A video showed two blond girls delivering several punches to Jessica's face until her eyes swelled shut. "They are observed stating 'suck his dick, bitch,' several times," states the police synopsis of the clip, which Broward County Circuit Court has now sealed. "The victim stated she would comply if they stopped hitting her. The defendants are observed forcibly taking off the victim's clothes while telling her she has to 'fuck' him. The victim eventually told them she will do what they wanted if they stopped battering her."
That same day, police obtained a search warrant and rummaged through the yellow house. In the backyard, they found Jessica's white metal loop earrings in the grass and her belly ring on a patio chair. They also came upon a stolen gold Jaguar, stripped of parts, and a black backpack that contained three handguns, ammunition, and "miscellaneous drug paraphernalia."
The girls confessed to police they had savaged Jessica but denied they had removed her clothing or forced her to have sex. The boys, arrested on November 3, also claimed rape didn't occur that night. They say Jessica's story doesn't add up.
At 8 a.m. on a Friday, Jayvon Woolfork quivered inside his orange tunic at Broward County Main Jail. He was near tears, shaking, grabbing at his dreadlocks as though those tangles held some clue that would lead to his freedom. But Woolfork wasn't going anywhere, and he knew it.
"I can't even believe this is happening right now. People have always said I'm full of love. I'm happy. I'm goofy," whispered the 19-year-old, who departed his hometown near Naples to live with his sister in Hollywood after their mother's death last January. He never graduated high school but said he came to South Florida wanting to make something of himself. He had thought about opening a restaurant, maybe Bahamian. He said he knew a guy "from the islands" who could help. But now? "My face is destroyed. People who don't even know me will think I'm a monster."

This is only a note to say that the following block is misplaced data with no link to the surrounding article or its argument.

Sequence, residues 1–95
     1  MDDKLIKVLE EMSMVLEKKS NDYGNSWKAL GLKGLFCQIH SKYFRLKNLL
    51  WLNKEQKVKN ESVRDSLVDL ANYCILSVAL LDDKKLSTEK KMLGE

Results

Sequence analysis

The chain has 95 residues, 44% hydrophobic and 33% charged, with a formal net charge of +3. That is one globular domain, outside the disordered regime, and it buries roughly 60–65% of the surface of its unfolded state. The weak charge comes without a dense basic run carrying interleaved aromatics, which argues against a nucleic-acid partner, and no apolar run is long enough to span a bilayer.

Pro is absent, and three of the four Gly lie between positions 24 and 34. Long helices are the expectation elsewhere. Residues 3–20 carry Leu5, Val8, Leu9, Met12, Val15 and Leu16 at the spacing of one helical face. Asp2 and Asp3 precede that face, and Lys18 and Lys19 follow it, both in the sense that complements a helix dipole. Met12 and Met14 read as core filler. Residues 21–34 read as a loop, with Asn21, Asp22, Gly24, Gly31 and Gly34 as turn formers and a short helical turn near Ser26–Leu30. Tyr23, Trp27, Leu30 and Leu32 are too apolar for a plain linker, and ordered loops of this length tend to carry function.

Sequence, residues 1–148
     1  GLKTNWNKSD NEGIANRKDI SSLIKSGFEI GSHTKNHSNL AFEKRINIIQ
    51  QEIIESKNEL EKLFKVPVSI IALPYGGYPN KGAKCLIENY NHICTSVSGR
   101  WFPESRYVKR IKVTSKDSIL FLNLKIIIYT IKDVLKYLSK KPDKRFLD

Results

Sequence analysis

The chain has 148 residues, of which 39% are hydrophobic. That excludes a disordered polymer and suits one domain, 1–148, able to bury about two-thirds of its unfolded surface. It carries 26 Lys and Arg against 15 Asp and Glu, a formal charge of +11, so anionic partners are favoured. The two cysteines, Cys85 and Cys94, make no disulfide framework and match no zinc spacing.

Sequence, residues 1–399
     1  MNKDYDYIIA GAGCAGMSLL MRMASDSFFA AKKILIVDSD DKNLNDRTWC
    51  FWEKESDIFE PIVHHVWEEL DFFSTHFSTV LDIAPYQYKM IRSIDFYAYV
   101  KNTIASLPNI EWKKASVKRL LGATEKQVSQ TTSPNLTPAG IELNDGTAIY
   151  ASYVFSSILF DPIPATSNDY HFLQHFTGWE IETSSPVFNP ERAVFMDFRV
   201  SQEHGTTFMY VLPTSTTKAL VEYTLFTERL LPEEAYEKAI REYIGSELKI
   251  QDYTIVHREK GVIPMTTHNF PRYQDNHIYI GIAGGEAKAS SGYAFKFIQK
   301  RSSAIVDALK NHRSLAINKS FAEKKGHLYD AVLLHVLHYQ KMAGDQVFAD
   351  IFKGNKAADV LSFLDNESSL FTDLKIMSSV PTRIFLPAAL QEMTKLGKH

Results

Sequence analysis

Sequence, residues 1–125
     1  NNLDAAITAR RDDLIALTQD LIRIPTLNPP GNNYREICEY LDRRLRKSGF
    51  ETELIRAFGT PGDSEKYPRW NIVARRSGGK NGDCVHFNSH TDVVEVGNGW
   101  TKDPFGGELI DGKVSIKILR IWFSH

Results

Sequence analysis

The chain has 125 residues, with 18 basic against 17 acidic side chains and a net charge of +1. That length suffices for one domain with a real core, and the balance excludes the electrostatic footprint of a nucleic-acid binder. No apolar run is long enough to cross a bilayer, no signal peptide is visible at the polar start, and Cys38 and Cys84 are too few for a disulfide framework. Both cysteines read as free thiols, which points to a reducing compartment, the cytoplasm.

Woolfork says he didn't know anyone when he moved to Hollywood and was lonely and bored when he met a tall boy named Lanel Singleton at a 7-Eleven on North Federal Highway.
Singleton knew what it was like to move to South Florida not knowing anyone. He had come to Hollywood from Marietta, Georgia, several years earlier. Soon after Singleton's arrival, he started getting in trouble. Around the same time he met Woolfork, police busted him for marijuana possession.
After that arrest, there were terrible fights with his mother, Nan Ross. She says she split from Singleton's dad following a bout of domestic violence. "My separation and divorce with his father was nasty," she explains. "And I don't know if it was resentment or if Lanel was mad or what. I've never gotten a straight answer out of him... He's just so young and naive and doesn't see consequences."
Woolfork's house didn't have any parents around, and soon Singleton and Dwight Henry were coming over to play Grand Theft Auto, smoke weed, and drink. Friends say Singleton eventually moved in with Woolfork.
Then on the night of November 1, Woolfork says, Singleton invited over "some females" from school to hang with them and Henry (who declined a jailhouse interview). Woolfork didn't know the girls that well but says he thought they were "cool, chill kids."
Jessica's behavior, however, gave him pause. "She was saying she needed some place to stay," Woolfork claims, fidgeting inside his chair. "She said she got kicked out by her peoples and didn't have nowhere to go. She was trying to say she wanted to stay with me, and I said, 'I'm not on that. You're too young.' She was first telling me she was 17, then 18, then that she just turned 18 that day and needed a place to stay."
When asked whether he sexually assaulted Jessica, Woolfork said, "Man, all of this is crazy. This is crazy, man." Asked again, he lowered his head and yelled, "No, I didn't rape anybody!"
Lanel Singleton, also speaking from a jail cell, declined to comment on any specifics of what happened that night beyond saying, "I didn't do anything. When it was happening, I knew sort of that what was happening was wrong, but I didn't do anything. It's not illegal to just be there."
He alleged Jessica is very sexual — "she has her ways" — and is lying.
"But I should never have stayed there that night," he says. "I wish to anything that I hadn't."
In the quiet following the girl's departure, Singleton says he looked at his friends. Morning was still hours away. The cloud of inebriation had lifted. "This is going to come back at us," Singleton told them. They disagreed.